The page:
Caroline Leavitt has a thing about sisters: her highly regarded 1979 debut novel, MEETING ROZZY HALFWAY (which grew out of an award-winning short story of the same name published in Redbook magazine) dealt with a sister's struggles with mental illness. Her latest book, COMING BACK TO ME, involves a husband reaching out to his absent sister-in-law for childcare help when his wife lies dangerously ill after childbirth. Without speculating as to why Leavitt is preoccupied with sisters, it's noteworthy that she gets the delicate dance of sibling rivalry exactly right: a story thread about a misappropriated locket speaks volumes about adoration and menace existing within the same relationship.
The locket originally belongs to Suzanne, the older sister of Molly, who is wife to Gary and mother of infant Otis. As the novel opens, Gary is spending night after night with Otis at the Tastee Diner in northern New Jersey as Molly lies in the hospital, comatose from a mysterious afterbirth blood condition. Through his musings and further back to Molly's narrative memories, we learn that the two saved each other from loneliness, their tiny family unit a new beginning (heralded, a la Thirtysomething, by fresh coats of paint in the house they buy). Gary is a book designer, Molly an elementary school teacher; their sturdy middle-class professional status threatens their entrenched blue-collar neighbors. Once Molly becomes pregnant, however, some hostility melts as the neighbors realize Gary and Molly are going to "stay."
The couple's happy nesting instincts may have been meant as a counterpoint to Molly's upbringing: she and Suzanne were raised in a helter-skelter manner by lovely and stressed-out mother Angela, a one-time "Miss California Beaches" whose husband abandoned her and the girls early on and she was forced to take a succession of low-paying office jobs to stretch the spaghetti rations. While it's easy to believe that Angela's uneven parenting skills combined with a cross-country move were responsible for both Suzanne's running off with a musician at age 17 and Molly's yearning for a settled life, at times it feels as if there are two separate stories in this book that don't quite merge. One is the story of Gary and Molly, the other of Suzanne and Molly. The title implies that the story resolves in "Me," which would appear to be Molly.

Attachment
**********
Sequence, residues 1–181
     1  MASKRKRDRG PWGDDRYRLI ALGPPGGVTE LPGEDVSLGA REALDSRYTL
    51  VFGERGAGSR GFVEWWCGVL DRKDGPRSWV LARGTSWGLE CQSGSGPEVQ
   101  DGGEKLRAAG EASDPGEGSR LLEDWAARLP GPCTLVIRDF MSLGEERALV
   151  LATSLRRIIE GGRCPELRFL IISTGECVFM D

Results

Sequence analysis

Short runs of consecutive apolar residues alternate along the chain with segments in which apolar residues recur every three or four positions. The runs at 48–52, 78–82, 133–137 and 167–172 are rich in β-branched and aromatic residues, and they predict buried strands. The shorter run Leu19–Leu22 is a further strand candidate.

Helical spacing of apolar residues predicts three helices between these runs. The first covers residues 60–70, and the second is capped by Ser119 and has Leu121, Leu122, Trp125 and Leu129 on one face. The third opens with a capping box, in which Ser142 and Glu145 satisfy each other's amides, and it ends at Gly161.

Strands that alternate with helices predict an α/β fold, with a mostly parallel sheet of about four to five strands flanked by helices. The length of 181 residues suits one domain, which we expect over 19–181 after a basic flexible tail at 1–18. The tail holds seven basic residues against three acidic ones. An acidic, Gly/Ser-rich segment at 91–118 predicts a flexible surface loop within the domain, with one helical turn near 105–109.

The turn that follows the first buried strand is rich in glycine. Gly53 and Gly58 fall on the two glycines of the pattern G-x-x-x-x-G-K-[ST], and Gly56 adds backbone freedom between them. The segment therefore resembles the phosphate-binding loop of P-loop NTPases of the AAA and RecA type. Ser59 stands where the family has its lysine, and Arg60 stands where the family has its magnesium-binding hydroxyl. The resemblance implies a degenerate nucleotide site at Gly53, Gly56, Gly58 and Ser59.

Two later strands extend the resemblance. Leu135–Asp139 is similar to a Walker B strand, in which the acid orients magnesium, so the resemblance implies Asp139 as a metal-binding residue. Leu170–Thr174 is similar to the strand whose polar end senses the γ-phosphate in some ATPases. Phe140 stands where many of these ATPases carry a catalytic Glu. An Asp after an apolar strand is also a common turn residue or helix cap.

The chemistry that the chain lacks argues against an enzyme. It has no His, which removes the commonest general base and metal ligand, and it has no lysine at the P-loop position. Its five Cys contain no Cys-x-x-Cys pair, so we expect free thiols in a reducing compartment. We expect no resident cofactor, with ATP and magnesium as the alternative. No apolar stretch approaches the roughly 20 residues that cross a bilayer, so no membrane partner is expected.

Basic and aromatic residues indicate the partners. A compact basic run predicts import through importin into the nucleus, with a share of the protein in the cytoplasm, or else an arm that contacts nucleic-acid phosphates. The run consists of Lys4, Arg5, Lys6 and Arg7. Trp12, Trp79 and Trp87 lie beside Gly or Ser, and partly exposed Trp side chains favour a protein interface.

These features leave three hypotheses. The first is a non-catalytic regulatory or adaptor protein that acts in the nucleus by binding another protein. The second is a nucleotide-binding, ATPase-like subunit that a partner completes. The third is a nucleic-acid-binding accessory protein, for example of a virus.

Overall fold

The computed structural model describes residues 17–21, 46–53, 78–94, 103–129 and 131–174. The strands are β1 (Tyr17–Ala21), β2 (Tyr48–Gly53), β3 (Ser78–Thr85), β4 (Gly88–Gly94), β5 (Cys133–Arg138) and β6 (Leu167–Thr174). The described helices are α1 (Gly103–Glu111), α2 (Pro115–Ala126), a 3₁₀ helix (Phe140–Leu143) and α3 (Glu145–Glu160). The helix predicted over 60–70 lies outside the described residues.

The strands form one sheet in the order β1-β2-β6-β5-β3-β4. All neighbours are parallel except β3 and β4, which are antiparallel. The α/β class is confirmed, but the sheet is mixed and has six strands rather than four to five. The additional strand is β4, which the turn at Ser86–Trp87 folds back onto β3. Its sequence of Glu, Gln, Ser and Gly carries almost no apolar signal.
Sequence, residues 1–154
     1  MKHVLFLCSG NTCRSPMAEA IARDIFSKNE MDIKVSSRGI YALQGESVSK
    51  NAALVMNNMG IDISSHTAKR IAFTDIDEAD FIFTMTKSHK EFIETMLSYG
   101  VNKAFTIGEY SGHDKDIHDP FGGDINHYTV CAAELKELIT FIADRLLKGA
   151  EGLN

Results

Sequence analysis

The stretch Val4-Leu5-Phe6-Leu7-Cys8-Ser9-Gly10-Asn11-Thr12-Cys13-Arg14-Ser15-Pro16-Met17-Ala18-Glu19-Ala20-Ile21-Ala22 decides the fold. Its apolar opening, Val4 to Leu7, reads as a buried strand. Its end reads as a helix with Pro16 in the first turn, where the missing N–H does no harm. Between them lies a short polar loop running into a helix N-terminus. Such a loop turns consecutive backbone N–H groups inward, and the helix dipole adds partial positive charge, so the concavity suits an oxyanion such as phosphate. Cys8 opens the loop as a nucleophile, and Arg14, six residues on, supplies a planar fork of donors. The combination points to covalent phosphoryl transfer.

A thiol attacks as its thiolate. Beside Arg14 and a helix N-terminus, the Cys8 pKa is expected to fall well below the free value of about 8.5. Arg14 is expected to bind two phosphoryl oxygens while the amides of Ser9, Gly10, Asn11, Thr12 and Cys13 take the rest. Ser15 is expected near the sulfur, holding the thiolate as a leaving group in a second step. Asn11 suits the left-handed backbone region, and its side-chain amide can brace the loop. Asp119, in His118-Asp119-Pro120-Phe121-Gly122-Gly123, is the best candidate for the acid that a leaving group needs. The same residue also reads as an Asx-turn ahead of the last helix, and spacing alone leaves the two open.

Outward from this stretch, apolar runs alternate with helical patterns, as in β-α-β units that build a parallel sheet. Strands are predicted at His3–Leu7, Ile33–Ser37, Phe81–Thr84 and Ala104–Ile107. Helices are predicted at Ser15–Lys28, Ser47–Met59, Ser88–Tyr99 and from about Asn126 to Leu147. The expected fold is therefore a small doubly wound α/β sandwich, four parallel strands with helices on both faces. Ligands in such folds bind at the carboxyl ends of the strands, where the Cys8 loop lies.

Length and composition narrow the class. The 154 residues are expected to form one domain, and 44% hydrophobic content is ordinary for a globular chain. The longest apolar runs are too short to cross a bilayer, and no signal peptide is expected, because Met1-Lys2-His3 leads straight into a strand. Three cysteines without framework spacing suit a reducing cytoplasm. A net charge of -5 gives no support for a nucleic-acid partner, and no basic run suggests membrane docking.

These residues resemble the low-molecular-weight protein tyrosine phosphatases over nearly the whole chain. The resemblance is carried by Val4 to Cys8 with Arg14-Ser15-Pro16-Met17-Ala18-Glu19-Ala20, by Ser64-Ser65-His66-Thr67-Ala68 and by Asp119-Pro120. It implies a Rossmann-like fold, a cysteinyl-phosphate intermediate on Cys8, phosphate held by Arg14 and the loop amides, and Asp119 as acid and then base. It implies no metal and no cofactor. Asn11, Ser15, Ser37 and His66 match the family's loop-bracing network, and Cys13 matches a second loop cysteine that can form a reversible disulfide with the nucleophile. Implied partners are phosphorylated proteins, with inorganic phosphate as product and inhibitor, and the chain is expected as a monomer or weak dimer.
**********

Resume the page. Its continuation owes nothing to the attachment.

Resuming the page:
But what about Suzanne? Her story is compelling: what it was like for her to live as an adolescent thousands of miles from her mother and sister, how her relationship with would-be rock star Ivan winds down, her awkwardness with her baby nephew that blossoms into love, her mistakes and gains and small satisfactions as a hair stylist. The portrait of Suzanne is so strong, loving and detailed that Molly fades into her hospital bed.
Leavitt has a real gift for characterization and storytelling. Readers won't want to put this book down because they'll care about what happens to everyone, even the casserole-gifting lady next door --- but they may find themselves wishing for a sequel focusing on the sister who gets so much wrong while trying to make things right.
Reviewed by Bethanne Kelly Patrick on January 21, 2011
Coming Back to Me